Nasdaq-Listed Companies

What Kind Of Shareholders Own Cerner Corporation (NASDAQ:CERN)?

If you want to know who really controls Cerner Corporation (NASDAQ:CERN), then you'll have to look at the makeup of its share registry. Insiders often own a large chunk of younger, smaller, companies while huge companies tend to have institutions as shareholders. Companies that have been privatized tend to have low insider ownership.

Cerner has a market capitalization of US$21b, so it's too big to fly under the radar. We'd expect to see both institutions and retail investors owning a portion of the company. Our analysis of the ownership of the company, below, shows that institutional investors have bought into the company. Let's delve deeper into each type of owner, to discover more about Cerner.

ownership-breakdownNasdaqGS:CERN Ownership Breakdown October 12th 2021

What Does The Institutional Ownership Tell Us About Cerner?

Many institutions measure their performance against an index that approximates the local market. So they usually pay more attention to companies that are included in major indices.

We can see that Cerner does have institutional investors; and they hold a good portion of the company's stock. This can indicate that the company has a certain degree of credibility in the investment community. However, it is best to be wary of relying on the supposed validation that comes with institutional investors. They too, get it wrong sometimes. If multiple institutions change their view on a stock at the same time, you could see the share price drop fast. It's therefore worth looking at Cerner's earnings history below. Of course, the future is what really matters.

earnings-and-revenue-growthNasdaqGS:CERN Earnings and Revenue Growth October 12th 2021

Institutional investors own over 50% of the company, so together than can probably strongly influence board decisions. Cerner is not owned by hedge funds. Looking at our data, we can see that the largest shareholder is The Vanguard Group, Inc. with 11% of shares outstanding. Meanwhile, the second and third largest shareholders, hold 8.1% and 4.7%, of the shares outstanding, respectively.

A closer look at our ownership figures suggests that the top 20 shareholders have a combined ownership of 50% implying that no single shareholder has a majority.

Researching institutional ownership is a good way to gauge and filter a stock's expected performance. The same can be achieved by studying analyst sentiments. Quite a few analysts cover the stock, so you could look into forecast growth quite easily.

Insider Ownership Of Cerner

While the precise definition of an insider can be subjective, almost everyone considers board members to be insiders. Company management run the business, but the CEO will answer to the board, even if he or she is a member of it.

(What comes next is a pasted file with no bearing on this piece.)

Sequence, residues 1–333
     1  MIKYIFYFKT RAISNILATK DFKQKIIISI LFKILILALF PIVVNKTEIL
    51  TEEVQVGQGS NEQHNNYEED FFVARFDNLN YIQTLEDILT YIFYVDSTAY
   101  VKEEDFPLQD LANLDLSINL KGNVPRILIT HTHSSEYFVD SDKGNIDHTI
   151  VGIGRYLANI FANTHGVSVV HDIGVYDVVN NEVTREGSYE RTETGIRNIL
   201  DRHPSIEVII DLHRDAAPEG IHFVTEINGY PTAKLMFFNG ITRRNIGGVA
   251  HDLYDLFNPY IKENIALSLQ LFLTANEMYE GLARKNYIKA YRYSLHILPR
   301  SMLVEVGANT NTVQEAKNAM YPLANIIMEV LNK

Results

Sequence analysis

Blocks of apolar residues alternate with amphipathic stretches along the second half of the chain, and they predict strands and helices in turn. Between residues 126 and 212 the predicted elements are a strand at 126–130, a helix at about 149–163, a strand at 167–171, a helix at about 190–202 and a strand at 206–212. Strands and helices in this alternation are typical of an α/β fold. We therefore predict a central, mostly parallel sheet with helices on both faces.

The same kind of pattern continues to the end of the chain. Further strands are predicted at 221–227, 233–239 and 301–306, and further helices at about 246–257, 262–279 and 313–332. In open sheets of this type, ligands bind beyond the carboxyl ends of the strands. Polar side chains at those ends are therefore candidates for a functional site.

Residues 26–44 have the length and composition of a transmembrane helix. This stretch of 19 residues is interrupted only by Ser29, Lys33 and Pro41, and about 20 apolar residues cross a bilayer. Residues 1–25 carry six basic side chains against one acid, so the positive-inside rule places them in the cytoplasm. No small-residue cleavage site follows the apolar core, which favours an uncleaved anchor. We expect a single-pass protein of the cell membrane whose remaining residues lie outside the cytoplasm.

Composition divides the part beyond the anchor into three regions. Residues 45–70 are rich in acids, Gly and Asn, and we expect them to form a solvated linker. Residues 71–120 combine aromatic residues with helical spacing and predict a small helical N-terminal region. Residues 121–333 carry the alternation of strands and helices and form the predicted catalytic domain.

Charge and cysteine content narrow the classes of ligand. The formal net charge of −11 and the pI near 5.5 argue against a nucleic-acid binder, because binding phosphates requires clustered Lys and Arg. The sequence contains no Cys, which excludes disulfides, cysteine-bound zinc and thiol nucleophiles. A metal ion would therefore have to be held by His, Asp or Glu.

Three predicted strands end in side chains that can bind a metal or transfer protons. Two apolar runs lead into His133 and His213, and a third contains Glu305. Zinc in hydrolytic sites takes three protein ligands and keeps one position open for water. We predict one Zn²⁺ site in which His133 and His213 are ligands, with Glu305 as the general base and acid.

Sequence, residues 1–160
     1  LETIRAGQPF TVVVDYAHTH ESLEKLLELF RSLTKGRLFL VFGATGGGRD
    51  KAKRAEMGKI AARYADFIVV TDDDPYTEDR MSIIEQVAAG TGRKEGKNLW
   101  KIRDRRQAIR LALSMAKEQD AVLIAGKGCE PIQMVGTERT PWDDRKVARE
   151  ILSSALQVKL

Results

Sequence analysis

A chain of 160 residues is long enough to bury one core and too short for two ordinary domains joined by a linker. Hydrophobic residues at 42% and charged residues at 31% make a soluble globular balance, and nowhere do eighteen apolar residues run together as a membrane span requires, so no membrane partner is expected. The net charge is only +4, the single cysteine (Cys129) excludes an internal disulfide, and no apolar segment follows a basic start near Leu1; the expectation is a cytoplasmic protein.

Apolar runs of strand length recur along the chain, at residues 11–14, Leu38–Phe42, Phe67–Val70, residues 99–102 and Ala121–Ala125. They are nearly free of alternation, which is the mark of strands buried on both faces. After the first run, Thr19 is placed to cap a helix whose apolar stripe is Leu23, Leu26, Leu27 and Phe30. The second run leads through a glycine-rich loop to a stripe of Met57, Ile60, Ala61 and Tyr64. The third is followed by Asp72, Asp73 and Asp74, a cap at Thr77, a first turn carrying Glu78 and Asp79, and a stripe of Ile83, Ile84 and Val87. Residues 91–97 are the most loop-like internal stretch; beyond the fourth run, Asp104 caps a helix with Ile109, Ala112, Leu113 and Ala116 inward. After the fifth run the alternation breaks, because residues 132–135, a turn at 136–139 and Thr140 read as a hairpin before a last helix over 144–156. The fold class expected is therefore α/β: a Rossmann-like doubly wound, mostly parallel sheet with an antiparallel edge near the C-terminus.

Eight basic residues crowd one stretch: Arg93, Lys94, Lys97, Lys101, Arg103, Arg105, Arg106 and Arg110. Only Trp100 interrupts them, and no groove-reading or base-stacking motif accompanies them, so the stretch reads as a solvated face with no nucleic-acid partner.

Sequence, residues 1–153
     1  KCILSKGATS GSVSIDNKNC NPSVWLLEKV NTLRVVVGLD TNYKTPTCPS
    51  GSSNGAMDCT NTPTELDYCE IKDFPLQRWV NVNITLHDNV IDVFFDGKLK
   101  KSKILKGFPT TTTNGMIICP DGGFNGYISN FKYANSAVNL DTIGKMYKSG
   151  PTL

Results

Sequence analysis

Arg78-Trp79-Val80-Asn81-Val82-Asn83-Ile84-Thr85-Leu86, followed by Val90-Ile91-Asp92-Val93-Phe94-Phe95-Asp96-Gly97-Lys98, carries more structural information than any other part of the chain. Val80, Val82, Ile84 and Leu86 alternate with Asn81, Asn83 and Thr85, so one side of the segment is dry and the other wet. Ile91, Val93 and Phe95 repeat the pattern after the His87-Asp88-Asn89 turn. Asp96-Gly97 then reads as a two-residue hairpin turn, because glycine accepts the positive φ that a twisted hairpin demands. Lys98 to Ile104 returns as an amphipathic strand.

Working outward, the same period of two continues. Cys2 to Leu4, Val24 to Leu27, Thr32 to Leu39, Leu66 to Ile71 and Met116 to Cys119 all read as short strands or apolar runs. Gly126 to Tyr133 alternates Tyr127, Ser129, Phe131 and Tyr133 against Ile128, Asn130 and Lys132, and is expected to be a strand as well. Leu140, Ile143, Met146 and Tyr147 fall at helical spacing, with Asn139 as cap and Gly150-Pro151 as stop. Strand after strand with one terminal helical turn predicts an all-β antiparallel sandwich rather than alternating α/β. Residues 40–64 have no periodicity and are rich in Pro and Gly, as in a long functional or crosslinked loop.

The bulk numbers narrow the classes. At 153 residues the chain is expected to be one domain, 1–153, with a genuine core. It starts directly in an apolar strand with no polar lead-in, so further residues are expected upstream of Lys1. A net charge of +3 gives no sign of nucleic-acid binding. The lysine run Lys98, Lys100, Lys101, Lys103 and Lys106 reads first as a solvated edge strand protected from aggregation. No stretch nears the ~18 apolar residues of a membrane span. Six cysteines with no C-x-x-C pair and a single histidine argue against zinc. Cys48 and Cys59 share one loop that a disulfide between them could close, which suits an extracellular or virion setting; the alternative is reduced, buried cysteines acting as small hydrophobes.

Most consider insider ownership a positive because it can indicate the board is well aligned with other shareholders. However, on some occasions too much power is concentrated within this group.

Our most recent data indicates that insiders own less than 1% of Cerner Corporation. It is a very large company, so it would be surprising to see insiders own a large proportion of the company. Though their holding amounts to less than 1%, we can see that board members collectively own US$34m worth of shares (at current prices). It is always good to see at least some insider ownership, but it might be worth checking if those insiders have been selling.

General Public Ownership

The general public, with a 11% stake in the company, will not easily be ignored. While this size of ownership may not be enough to sway a policy decision in their favour, they can still make a collective impact on company policies.

Next Steps:

It's always worth thinking about the different groups who own shares in a company. But to understand Cerner better, we need to consider many other factors. Take risks for example - Cerner has 2 warning signs we think you should be aware of.

But ultimately it is the future, not the past, that will determine how well the owners of this business will do. Therefore we think it advisable to take a look at this free report showing whether analysts are predicting a brighter future.

NB: Figures in this article are calculated using data from the last twelve months, which refer to the 12-month period ending on the last date of the month the financial statement is dated. This may not be consistent with full year annual report figures.

This article by Simply Wall St is general in nature. We provide commentary based on historical data and analyst forecasts only using an unbiased methodology and our articles are not intended to be financial advice. It does not constitute a recommendation to buy or sell any stock, and does not take account of your objectives, or your financial situation. We aim to bring you long-term focused analysis driven by fundamental data. Note that our analysis may not factor in the latest price-sensitive company announcements or qualitative material. Simply Wall St has no position in any stocks mentioned.

Have feedback on this article? Concerned about the content? Get in touch with us directly. Alternatively, email editorial-team (at) simplywallst.com.

The views and opinions expressed herein are the views and opinions of the author and do not necessarily reflect those of Nasdaq, Inc.

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